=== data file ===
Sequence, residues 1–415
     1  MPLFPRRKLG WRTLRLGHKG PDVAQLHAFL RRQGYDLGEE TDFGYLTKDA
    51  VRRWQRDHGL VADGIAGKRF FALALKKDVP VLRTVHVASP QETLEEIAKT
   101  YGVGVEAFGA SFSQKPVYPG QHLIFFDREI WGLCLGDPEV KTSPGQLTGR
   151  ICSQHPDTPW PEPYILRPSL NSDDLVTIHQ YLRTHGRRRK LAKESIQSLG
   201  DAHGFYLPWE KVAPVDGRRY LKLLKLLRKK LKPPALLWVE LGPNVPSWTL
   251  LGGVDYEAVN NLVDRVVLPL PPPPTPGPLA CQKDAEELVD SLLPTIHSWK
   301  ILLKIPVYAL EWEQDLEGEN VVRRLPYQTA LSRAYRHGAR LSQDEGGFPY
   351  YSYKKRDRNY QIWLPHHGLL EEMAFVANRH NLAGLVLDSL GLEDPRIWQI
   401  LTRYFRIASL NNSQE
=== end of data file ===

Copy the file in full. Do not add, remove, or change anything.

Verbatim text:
Sequence, residues 1–415
     1  MPLFPRRKLG WRTLRLGHKG PDVAQLHAFL RRQGYDLGEE TDFGYLTKDA
    51  VRRWQRDHGL VADGIAGKRF FALALKKDVP VLRTVHVASP QETLEEIAKT
   101  YGVGVEAFGA SFSQKPVYPG QHLIFFDREI WGLCLGDPEV KTSPGQLTGR
   151  ICSQHPDTPW PEPYILRPSL NSDDLVTIHQ YLRTHGRRRK LAKESIQSLG
   201  DAHGFYLPWE KVAPVDGRRY LKLLKLLRKK LKPPALLWVE LGPNVPSWTL
   251  LGGVDYEAVN NLVDRVVLPL PPPPTPGPLA CQKDAEELVD SLLPTIHSWK
   301  ILLKIPVYAL EWEQDLEGEN VVRRLPYQTA LSRAYRHGAR LSQDEGGFPY
   351  YSYKKRDRNY QIWLPHHGLL EEMAFVANRH NLAGLVLDSL GLEDPRIWQI
   401  LTRYFRIASL NNSQE